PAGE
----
Have you heard the word ‘imagineering’? It’s a cheat word that just mashes together ‘imagination’ and ‘engineering’ to describe a process that blends the two things. For a while I told myself that I’d made the word up, since I’d not seen or heard it anywhere, so imagine my annoyance to find out that someone else had come up with it. Worse, a Google search for the word is littered with Disney logos, giving the impression that this concept is monopolised by theme-park attractions. So here I’m going to stake a claim for this word for humble writers.
I’m not an engineer – the engineering genes in our family went almost exclusively to my brother. Even fixing a puncture or constructing a brio train-track taxes my engineering skills. But I have imagination. I mean really have it. Most people can be imaginative when they want to be, but as a fantasy novelist I live and breathe it. I’m constantly using my imagination, sometimes for real-world issues, but more often for the invented world of my own creation.
That world is vast and varied, but it’s sparsely populated and far emptier than I’d like it to be. After the manner of medieval maps, there are great tracts covered in mystery and only containing wonders barely guessed at. You see, no matter how much work you put into a created world it can never rival the sheer complexity and detail of the real world that billions of people have added to and which is shaped by innumerable natural processes that no one mind can ever fully understand.
A created world needs a certain level of detail and plausibility to be believable. Too little and you never really transport people there – they just pick holes in it from a distance. Too much and you can get lost there, wandering the rich corners of Middle Earth or Westeros. I aim for the latter end of the scale, having created a world of similar size to our own and with at least 11,000 years of history. That’s a lot of time and space to fill, and I can never do enough. My imagination always runs ahead of what I can physically find the time to write. I don’t suppose I’ll ever get down on paper (or screen) all that I have, even vaguely, in mind, and I probably don’t need to in order to produce authentic and captivating novels. I don’t just write to try and sell books, I write because there’s a world in my imagination that deserves to be brought to life, and it’ll be my life’s work to try and do that.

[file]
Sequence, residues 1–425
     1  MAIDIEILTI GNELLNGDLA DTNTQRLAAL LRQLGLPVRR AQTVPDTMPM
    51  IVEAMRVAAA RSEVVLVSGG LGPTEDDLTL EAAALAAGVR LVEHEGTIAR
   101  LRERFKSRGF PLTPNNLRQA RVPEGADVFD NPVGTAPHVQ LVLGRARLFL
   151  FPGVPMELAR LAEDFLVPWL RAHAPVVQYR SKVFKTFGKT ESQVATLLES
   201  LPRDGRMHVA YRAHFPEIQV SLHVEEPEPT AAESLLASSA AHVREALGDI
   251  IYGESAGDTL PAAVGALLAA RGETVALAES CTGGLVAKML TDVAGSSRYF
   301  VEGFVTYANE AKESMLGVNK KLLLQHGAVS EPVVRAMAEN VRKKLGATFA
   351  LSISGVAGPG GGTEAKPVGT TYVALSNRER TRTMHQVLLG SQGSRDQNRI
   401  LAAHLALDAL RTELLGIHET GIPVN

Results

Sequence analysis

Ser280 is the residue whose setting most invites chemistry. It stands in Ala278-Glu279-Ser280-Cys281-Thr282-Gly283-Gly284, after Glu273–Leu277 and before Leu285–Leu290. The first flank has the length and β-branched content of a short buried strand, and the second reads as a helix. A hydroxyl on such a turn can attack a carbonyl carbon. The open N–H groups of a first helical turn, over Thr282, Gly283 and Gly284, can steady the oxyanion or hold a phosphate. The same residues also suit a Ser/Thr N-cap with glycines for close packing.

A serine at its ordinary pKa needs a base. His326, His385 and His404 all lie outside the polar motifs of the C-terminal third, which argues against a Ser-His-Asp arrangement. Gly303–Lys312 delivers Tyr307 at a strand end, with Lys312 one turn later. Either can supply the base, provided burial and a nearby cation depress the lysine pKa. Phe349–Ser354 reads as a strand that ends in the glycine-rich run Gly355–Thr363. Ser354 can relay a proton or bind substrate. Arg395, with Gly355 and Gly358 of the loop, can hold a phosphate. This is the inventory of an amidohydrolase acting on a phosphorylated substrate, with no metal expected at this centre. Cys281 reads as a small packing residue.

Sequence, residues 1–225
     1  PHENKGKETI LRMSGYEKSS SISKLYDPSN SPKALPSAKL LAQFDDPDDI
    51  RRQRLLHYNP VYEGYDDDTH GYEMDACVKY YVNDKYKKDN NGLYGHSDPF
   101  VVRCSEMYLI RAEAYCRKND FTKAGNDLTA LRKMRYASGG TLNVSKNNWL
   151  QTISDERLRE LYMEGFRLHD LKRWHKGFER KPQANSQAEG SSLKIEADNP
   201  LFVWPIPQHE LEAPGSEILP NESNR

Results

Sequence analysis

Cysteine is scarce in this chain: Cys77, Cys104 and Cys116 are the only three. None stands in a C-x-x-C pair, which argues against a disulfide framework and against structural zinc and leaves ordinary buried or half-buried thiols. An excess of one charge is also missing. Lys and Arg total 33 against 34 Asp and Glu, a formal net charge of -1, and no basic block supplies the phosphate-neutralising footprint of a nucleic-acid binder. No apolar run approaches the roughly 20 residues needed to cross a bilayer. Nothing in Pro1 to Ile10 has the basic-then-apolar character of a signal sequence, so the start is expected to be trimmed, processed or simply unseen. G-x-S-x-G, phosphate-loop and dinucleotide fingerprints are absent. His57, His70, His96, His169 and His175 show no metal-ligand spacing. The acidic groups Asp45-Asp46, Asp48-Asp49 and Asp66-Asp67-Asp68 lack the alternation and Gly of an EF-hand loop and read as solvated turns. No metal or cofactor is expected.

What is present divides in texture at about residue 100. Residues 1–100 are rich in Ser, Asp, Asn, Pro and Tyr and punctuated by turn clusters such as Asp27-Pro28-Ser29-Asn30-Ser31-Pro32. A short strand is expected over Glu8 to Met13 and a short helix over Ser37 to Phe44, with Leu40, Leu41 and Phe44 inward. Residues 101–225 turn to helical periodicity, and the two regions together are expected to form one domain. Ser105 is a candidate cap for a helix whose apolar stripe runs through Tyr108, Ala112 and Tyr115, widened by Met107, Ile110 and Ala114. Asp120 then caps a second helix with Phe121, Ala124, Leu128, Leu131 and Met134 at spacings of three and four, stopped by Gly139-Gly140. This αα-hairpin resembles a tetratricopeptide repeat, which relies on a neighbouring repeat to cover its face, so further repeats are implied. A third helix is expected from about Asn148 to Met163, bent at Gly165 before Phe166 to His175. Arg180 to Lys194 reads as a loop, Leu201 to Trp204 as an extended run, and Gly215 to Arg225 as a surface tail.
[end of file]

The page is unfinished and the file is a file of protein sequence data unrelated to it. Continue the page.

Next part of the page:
Imagineering is the key first stage in doing that. Before any masterpiece comes the dream, the vision. The unspoken, intangible vista of what could be. Where it comes from, beyond God’s gracious gift, I know not, but what I do know is that imagineering is the process whereby these fleeting glimpses and embryonic ideas are knitted together in the mind. It comes before writing because you can’t write what you haven’t thought. And the thinking is a long, slow, delightful gestation. Delightful and frustrating, because the ingredients are elusive, like shreds of clouds in a stormy sky. Somehow you have to catch them and wrestle them into some sort of coherence.
In that potent mix you have the outline of plots, the essence of characters, the seeds of stories and minds-eye portraits of landscapes and places so wondrous you doubt you have the skill to convey them. Before ever pen is set to paper, inception needs to happen, ideation needs to germinate, and questions need to be answered. How do these ideas coalesce to become a story? Who are these people, what are they like and what do they want? How do they relate to each other, where do they live, what details and rhythms mark their lives? Imagineering is where all this takes place.
Imagineering takes place while I doze or day-dream. I do it while staring out of windows or when I can’t get to sleep. I’ve lain awake at night listening to evocative music and just letting the imagination do its work. It can be like witnessing the creation of a marvellous tapestry in fast motion, sometimes with no conscious involvement at all. It’s like part of your mind is just a spectator to what some other part is doing. It’s like magic, an act of conjuring behind your eyelids and between your neurons. I do it in my study, my den, by candle-light and with my favourite film soundtracks or epic scores playing. Nothing fertilises the imagination quite like the work of Hans Zimmer, Thomas Bergersen, Audiomachine, Vangelis or Ramin Djawadi. Best of all, though, is when I’m out in nature, with the scent of pine resin in my nostrils and the sounds of rushing water or crashing waves in my ears. When the fallen leaves rustle or the desert stones crunch beneath my feet, that’s when I’m most transported to this inner world. To witness and then report back to the people of this world what I’ve seen.
Take away all that, and writing becomes a chore, a dry thankless labour of futility. The imagineering gives life and fuel to it. It’s not inspiration because that happens even earlier, a thousand million stimuli and encounters that you absorb, deconstruct and rebuild in new and unique ways. It’s not simply imagining, because that doesn’t convey the work that’s done. Imagineering captures the sense of mental construction, the persistence and endless honing and reshaping that’s involved. Imagining sounds so effortless, so fleeting. Imagineering is a labour of love in the mind. It’s a huge part of who I am and what I do. I’ve tried to describe it to you, and whether I’ve succeeded or not, I hope you’ll enjoy reading the finished products.